If you’re the kind of person who loves a healthy summer salad, but whose tastes (and maybe exercise routine) start to waiver during winter, you’re definitely not alone.
Like cosying up under a blanket to keep warm, feeling the urge to eat stodgier, unhealthier food is a perfectly natural reaction at this time of year. However, that needn’t mean that we start piling on the pounds.
Those winter cravings
Winter changes a lot of things, not just the weather. Our bodies can start to crave foods that will make us feel warmer – a hangover from the days when we humans putting on a layer of fat to protect ourselves from the cold was a matter of basic survival.
The result? Our food preferences, metabolism and energy levels can change dramatically, and things we’d never dream of gorging on in the summer suddenly become a much more attractive proposition.
But the truth is that winter eating doesn’t need to be unhealthy. It’s simply a case of eating smarter – beating those cravings by consuming foods that take longer to digest, so as to give a more sustained and balanced energy release in the cold.
With this in mind, here are just some of our healthy eating tips to follow this winter:
1) Heat up breakfast time
Let’s start our list with how you should start your day as the weather gets colder - with a decent warm breakfast. Porridge with milk is a great option here, as it provides the perfect slow-release energy to get you through until lunchtime, with dairy to boost your protein and calcium levels and plenty of zinc to help your immune function too. And if oats sound a bit plain, remember you can always spice things up with some cinnamon or dried fruit to make things even healthier.
2) Soup things up
Homemade soup is one of winter’s superfoods, guaranteed to keep your body warm inside and out. Just remember to keep things healthy and steer clear of too much cream. Instead, go for recipes that use chicken or vegetable stock as a base, and make sure you add in plenty of seasonal veges, plus those staples of lentils and beans. Talking of which…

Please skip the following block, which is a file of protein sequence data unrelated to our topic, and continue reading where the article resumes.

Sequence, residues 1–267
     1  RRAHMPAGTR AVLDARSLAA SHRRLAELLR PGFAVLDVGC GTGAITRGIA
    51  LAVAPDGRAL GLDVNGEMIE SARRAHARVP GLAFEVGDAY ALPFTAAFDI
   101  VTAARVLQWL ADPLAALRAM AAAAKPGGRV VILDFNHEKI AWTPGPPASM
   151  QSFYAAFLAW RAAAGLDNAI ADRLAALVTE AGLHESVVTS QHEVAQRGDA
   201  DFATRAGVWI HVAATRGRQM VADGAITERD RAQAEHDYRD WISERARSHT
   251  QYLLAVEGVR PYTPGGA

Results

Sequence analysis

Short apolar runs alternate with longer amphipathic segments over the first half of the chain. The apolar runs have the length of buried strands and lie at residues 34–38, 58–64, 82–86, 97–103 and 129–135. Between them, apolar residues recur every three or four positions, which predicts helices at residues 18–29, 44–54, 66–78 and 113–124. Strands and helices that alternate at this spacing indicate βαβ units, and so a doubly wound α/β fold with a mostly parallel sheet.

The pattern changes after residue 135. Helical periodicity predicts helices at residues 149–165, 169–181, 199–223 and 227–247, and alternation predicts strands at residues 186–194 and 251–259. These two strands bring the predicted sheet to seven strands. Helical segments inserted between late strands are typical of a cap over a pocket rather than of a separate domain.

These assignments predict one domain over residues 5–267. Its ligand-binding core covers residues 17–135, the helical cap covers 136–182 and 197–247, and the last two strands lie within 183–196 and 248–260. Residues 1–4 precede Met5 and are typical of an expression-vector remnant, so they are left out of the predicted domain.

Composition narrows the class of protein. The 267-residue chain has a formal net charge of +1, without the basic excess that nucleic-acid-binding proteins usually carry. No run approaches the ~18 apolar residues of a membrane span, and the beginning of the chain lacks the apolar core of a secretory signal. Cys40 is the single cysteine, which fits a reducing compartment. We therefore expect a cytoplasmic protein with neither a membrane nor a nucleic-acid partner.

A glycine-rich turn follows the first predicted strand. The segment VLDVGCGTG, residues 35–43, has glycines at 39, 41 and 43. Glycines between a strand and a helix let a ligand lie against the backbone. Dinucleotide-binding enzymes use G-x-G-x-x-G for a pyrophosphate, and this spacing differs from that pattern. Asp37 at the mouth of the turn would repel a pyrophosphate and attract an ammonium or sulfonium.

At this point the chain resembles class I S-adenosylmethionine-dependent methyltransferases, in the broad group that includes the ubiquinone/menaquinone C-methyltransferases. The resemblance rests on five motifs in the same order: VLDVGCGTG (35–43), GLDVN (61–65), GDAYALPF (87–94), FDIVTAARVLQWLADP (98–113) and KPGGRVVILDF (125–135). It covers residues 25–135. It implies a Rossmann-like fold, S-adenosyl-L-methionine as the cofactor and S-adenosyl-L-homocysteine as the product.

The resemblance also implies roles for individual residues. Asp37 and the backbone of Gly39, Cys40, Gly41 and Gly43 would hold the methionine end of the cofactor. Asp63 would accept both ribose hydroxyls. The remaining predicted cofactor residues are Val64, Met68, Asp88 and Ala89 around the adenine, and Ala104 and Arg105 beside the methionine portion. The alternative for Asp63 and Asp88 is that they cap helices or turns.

3) Cans mean you can
Whether for a soup or a hearty winter stew, nothing helps to bulk things out at mealtimes like those canned staples you keep in your pantry. So be sure to stock up on essentials like tinned tomatoes, tinned beans, lentils and chickpeas. Not just tasty fillers - and money savers for feeding a crowd - they’re also good for your heart health.
4) Remember your root veges
It’s all very well to say eat with the seasons, but fresh, affordable local produce can be hard to come by during winter months. Thankfully there are always good old root vegetables to fall back on such as potatoes, turnips, parsnips and carrots, always a great boost for vitamins A, C and beta-carotene. Plus of course there’s the perennial Kiwi favourite of beetroot – not just a garnish for burgers, but a handy addition to roast dinners!
5) Keep up your greens
If you want to keep your immune system topped up to beat the flu and other illnesses, broccoli and cauliflower are your go-tos during the winter months. Both of these cruciferous veges pack a real punch of Vitamin C to help fight off the nasties. And if cost is an issue, you can always opt for frozen bags of them which can be just as nutritious. Oh, and one other word which you may or may not appreciate here – sprouts.
6) Add a little more spice
You might not think it, but spices can be a great way to keep your body warm in the cold. Ginger, cumin, pepper, sesame, cinnamon… adding any of these to your favourite dish or stew not only ups the taste factor but also helps to regulate your internal temperature. Or why not go the whole hog and fire up your favourite curry in the evening. That should warm your cockles no end.
7) Boost your Vitamin D
Most of us get around 80% of our Vitamin D needs from sunlight.1 So naturally it stands to reason that we might need an alternative top-up during those shorter winter months. The good news is that cheese, eggs and fish (especially salmon) are a great source of Vitamin D – as are shitake mushrooms if you can stretch to them. Keep your levels topped up, and it can also help to reduce your risk of winter anxiety and depression.
8) Healthy snacks
Lastly, if you still feel the need to snack between meals, try to keep things healthier there too. Fresh fruit is a given, but different types of nuts can also help to curb those hunger pangs without adding too much to your waistline. Think almonds, cashews and walnuts especially.
Remember, it’s perfectly natural to feel hungrier during winter. But with some sensible choices and a bit of forward thinking, there’s no reason you can’t eat just as healthily as you do any other time of year. Think little and often - and beat those cravings to keep your body fit and warm!